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The History of Andorra
After the fall of the Roman Empire, the area that is now Andorra came under the control of the Visigoths. The Visigoths remained in the valleys for 200 years, during which time Christianity spread. When the Muslim Empire began conquering most of the Iberian Peninsula, replacing the Visigoths, Andorra was sheltered from the Moorish invaders by the Franks. Legend has it that Andorra was created in 805 by Charlemagne, King of the Franks, as recognition of the locals for their fighting against the Moors. After Charlemagne’s death, Andorra was granted to Spain’s Count of Urgell by Charles the Bald, Charlemagne’s grandson.
In 988, the Count of Urgell, Borell II, gave the Andorran valleys to the Bishop of Urgell, in exchange for land in Cerdanya. Since then the Bishop of Urgell has been the co-prince of Andorra. In 1278, a pariage agreement was signed and Andorra adopted joint allegiance to a French and Spanish prince. It is this format of a shared government that endures today.
From 1789 to 1806, Napoleon rejected France’s ties with Andorra and left Andorra to its full independence but then reestablished the Co-Principate in 1806. During World War II, Andorra remained neutral and became an important smuggling route between its two neighbours, Vichy France and Francoist Spain.
The first Andorran Constitution was passed in 1993, establishing a parliamentary government. The first elections under the new constitution were held later that year and Andorra joined the United Nations and Council of Europe.
What to See in Andorra
Andorra is well and truly perched on the top of the Pyrenees and for this reason, many people come for the mountains. You can ski all year round, there are vertical drops of up to 1000 metres, runs of several kilometres over open slopes and groomed pistes. Gran Valira in Andorra is one of the biggest ski resorts in the world and features 118 slopes and 210 km of ski pistes.
Nestled in a green valley, you will find you will find the capital city of Andorra la Vella . The country’s capital city has cobblestoned streets, beautiful houses and panoramic views of the surrounding mountains. Casa de la Vall, the home of the former Andorran government, is a must-see. Built in 1580 as a home for a wealthy family, it was acquired by the government in 1701 who used it as the home of the government until 2011 when it moved to a new building. Today, it is open to visitors and gives you a unique insight into the country’s history.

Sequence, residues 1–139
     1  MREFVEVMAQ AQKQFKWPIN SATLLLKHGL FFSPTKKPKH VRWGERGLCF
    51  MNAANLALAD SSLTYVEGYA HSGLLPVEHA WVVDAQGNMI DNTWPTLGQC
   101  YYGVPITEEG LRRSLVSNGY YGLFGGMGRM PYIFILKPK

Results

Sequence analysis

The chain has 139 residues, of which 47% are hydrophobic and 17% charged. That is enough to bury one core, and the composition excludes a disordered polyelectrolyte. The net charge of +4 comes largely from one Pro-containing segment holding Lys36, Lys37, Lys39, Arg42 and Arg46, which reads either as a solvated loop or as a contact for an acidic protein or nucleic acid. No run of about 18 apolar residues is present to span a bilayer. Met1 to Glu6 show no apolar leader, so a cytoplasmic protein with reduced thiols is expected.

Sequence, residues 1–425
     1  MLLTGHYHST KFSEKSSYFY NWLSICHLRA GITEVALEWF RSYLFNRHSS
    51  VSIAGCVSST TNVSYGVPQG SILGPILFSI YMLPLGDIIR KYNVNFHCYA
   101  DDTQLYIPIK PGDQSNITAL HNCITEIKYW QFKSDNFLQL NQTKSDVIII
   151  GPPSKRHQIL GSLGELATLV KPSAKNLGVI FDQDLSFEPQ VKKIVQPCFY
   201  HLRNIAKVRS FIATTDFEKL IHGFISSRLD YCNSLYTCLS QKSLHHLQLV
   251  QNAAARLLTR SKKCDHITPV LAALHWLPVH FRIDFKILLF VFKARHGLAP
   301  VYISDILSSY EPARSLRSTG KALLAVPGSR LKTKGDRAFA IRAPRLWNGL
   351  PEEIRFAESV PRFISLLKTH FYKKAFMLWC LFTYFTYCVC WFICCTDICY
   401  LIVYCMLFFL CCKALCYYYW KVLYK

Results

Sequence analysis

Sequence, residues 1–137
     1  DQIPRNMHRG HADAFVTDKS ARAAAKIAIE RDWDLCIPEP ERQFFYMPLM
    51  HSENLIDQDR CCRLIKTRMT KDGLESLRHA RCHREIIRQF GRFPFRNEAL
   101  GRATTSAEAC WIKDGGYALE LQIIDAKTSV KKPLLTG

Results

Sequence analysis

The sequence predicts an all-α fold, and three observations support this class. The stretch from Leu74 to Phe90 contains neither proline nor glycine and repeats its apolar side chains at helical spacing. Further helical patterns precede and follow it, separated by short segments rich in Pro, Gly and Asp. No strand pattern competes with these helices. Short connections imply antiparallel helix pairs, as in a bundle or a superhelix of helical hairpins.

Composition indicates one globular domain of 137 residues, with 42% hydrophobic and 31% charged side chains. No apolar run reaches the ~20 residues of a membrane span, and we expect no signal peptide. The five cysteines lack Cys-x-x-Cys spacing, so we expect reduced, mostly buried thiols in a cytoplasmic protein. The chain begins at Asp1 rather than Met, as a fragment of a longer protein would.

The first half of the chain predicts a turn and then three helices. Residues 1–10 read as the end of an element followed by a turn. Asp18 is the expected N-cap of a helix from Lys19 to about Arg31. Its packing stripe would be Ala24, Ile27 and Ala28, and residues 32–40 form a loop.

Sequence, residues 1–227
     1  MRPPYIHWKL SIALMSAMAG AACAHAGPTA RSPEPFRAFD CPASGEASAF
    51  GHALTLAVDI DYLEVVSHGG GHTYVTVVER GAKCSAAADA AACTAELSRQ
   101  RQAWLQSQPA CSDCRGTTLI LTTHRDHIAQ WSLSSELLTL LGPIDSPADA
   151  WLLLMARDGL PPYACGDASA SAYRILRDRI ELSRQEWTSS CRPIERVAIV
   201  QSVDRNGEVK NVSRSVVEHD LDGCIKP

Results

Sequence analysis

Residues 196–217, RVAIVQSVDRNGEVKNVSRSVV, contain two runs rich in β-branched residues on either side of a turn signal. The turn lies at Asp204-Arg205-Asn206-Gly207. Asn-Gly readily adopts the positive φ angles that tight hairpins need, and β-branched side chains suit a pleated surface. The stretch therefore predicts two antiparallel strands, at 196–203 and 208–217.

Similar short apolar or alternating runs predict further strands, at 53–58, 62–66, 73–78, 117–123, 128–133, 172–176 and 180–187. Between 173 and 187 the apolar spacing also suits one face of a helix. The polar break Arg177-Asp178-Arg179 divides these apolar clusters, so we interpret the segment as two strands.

Romanesque art and architecture are also something one can explore in Andorra and there are over 40 churches that date back to medieval times. The oldest church in the country is the Church of Santa Coloma . The Santa Coloma church‘s nave is thought to have been built in the 8th or 9th and the four-storey Lombard-style circular bell tower was built in the 12th century and still stands intact. The church’s chancel was decorated with a series of fresco murals that have traditionally been attributed to the Master of Santa Coloma and free guided visits of the church run in summer.
The Avinguda Carlemany is mostly pedestrian and strolling along it is a great way to take in the city.
If you’re interested in visiting this small but unique country, consider taking a tour to Barcelona and including a tour of Andorra in the intinerary. On our Barcelona tour, we take a day trip to Andorra and visit Andora la Vella.
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Small group journeys from one of the best small group tour companies Europe that delve into Barcelona‘s history, culture, and cuisine. Daily itineraries for couples and solo travellers with like minded people. An escorted tour of Barcelona based in an apartment with local guides sharing authentic experiences and knowledge.